A few weeks ago, my mother sent me a picture of a poem by Charles Wright, America’s (previous) Poet Laureate, about the writing down of Blues Music, which supposedly happened at the junction of the Southern and Yellow Dog railroads in Moorhead, Mississippi. She had visited this site and bought me a bright yellow tee-shirt to commemorate it, only a few weeks prior. The photos don’t really do the poem justice, so I’ll just post a final excerpt and link to the poem in Google Books, “Poem Almost Wholly in My Own Manner” found in Black Zodiac.
And here was my analysis and poor reply…
We can all be thankful Dad never had an iPad but instead had the patience of a secretary. When a poem struck his fancy, he would type it out for me in Word and attach it to an email. Not in courier–that was his font, for his words–but in Geneva or Palatino. Something lightly serifed to give it a touch of published authority, but not as pompous as Times New Roman. Transtromer was a favorite. And Szymborska. For a while it was Merwin. I miss those words even when they weren’t his, or when his well was dry. This is not intended as a slight to your pictures but I think typing out a favorite poem helped him hear it and filled the void of a blank slate.
Sometimes he would look for a word, a key, the unexpected word like a foreign rock planted in a corn field, to unlock the poem. “Nightwash” does that here. Other times his message would be unrelated to the attached offering, a riff on coincidence and memory. “Leland” would be that here: Leland, Mississippi of Wright’s mother’s origins echoes unknowingly of Leland Avenue in Visitacion Valley.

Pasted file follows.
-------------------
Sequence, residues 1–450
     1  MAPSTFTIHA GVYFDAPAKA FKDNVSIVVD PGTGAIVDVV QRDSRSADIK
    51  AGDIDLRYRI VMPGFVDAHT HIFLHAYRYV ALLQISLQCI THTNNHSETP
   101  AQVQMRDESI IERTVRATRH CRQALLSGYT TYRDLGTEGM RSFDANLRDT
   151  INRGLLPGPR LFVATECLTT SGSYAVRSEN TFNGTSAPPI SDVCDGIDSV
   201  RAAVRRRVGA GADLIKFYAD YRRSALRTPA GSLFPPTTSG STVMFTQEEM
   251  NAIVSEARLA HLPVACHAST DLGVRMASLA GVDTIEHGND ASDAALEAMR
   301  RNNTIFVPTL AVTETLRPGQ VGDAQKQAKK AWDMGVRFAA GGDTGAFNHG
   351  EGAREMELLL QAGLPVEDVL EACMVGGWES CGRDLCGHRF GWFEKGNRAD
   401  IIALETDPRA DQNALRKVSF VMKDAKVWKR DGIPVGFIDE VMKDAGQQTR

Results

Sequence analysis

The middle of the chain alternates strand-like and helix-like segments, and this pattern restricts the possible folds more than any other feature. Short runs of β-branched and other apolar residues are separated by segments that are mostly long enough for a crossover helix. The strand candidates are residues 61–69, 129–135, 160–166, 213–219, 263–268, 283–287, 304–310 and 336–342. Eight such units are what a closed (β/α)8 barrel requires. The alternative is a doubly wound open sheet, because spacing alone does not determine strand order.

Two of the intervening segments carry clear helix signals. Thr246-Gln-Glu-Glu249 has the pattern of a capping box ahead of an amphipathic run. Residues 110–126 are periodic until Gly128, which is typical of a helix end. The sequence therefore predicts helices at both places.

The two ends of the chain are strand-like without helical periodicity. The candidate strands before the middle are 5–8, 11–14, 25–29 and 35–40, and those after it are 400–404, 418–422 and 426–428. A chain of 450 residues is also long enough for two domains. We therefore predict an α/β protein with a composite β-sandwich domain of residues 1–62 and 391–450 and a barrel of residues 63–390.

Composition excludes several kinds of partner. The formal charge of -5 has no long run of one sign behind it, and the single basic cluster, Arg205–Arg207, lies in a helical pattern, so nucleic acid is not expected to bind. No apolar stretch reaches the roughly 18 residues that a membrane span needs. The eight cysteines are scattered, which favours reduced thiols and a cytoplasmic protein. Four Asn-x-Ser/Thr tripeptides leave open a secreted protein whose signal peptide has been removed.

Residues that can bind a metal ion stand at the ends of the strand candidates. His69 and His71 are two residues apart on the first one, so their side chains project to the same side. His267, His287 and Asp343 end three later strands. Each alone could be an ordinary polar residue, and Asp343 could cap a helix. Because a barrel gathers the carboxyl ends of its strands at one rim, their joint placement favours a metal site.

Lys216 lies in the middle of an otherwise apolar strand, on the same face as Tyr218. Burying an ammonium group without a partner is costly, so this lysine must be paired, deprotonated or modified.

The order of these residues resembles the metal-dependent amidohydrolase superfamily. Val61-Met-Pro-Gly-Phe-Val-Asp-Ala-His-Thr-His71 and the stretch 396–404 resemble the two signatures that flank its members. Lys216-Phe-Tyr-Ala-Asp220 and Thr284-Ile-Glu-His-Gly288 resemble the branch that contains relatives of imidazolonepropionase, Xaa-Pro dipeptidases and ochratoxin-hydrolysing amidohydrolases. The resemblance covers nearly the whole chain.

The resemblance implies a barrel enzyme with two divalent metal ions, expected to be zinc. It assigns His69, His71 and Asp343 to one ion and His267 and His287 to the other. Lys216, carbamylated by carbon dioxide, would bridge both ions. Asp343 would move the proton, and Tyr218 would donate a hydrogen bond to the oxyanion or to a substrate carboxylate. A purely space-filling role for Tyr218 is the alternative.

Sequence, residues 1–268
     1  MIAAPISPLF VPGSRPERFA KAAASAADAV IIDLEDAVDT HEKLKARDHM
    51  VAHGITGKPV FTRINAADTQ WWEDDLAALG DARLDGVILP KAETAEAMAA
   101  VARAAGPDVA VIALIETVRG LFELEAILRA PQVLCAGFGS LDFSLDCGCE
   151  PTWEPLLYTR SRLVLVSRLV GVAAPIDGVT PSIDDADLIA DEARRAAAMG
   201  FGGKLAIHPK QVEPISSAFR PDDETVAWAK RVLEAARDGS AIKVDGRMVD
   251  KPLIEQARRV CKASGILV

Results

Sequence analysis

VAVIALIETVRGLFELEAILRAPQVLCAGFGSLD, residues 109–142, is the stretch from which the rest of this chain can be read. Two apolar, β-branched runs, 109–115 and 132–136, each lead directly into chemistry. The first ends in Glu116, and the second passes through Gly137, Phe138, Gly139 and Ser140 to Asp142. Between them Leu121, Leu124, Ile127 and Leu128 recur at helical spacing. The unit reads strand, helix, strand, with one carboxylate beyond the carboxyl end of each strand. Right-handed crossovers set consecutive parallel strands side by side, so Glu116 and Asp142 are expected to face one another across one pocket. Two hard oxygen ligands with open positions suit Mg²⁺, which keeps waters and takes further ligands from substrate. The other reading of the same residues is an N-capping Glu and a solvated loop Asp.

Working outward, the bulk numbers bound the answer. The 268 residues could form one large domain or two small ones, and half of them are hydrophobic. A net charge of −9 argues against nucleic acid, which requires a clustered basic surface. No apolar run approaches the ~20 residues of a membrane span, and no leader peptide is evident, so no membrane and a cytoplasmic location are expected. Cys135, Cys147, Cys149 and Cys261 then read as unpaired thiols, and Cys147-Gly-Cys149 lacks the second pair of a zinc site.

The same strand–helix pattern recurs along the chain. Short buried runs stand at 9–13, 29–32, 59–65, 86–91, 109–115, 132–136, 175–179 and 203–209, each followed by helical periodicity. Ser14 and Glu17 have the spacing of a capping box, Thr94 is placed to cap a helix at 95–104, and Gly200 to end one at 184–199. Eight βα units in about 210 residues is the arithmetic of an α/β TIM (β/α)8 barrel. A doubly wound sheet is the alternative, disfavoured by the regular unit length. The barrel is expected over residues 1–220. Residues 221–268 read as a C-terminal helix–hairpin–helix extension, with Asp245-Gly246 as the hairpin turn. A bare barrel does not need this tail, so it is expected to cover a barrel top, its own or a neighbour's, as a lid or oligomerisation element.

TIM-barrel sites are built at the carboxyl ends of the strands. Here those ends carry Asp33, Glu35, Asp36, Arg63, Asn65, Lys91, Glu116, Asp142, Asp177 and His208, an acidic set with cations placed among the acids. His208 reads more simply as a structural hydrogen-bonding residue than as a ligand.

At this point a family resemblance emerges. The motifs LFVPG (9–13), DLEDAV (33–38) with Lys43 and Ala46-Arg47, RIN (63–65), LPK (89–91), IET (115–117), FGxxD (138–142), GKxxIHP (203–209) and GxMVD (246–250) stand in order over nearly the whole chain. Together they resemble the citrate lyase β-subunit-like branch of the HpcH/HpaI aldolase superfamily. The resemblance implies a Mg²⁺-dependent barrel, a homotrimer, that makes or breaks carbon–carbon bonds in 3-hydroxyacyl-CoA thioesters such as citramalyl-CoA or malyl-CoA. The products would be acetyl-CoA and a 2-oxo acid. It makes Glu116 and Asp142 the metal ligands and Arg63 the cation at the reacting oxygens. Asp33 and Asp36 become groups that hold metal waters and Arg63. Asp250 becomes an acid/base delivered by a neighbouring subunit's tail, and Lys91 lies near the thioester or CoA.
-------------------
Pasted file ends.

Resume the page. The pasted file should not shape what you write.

Then on ornery days, like the one I just got out of, Dad might find the fatal flaw, the line that shouldn’t be. For me that’s this one: “Poetry’s what’s left between the lines…it’s all in the unwritten, it’s all in the unsaid.” But to write that makes it too obvious, no? The line negates itself. Like a character in a movie insisting out loud that the shadows we have all been suspending in our disbelief are “real life.” If poetry is all that’s left unwritten, then unwrite. Let it be unsaid and silent. Why write anything at all? Art shouldn’t tell you what art is, it should just BE.
And after drawing some wise and obnoxious conclusion like that, Dad might turn it all on its head with a dirty joke or self-abnegation. What WOULD Robert Johnson say? What a crossroads they must have faced, those men who rode the rails, between the Southern and the Yellow Dog, between the blues as sung and the blues as written, between folk culture and popular culture? And we and WC Handy and Charles Wright are caught between two yesterdays. One remembered, and one dreamed.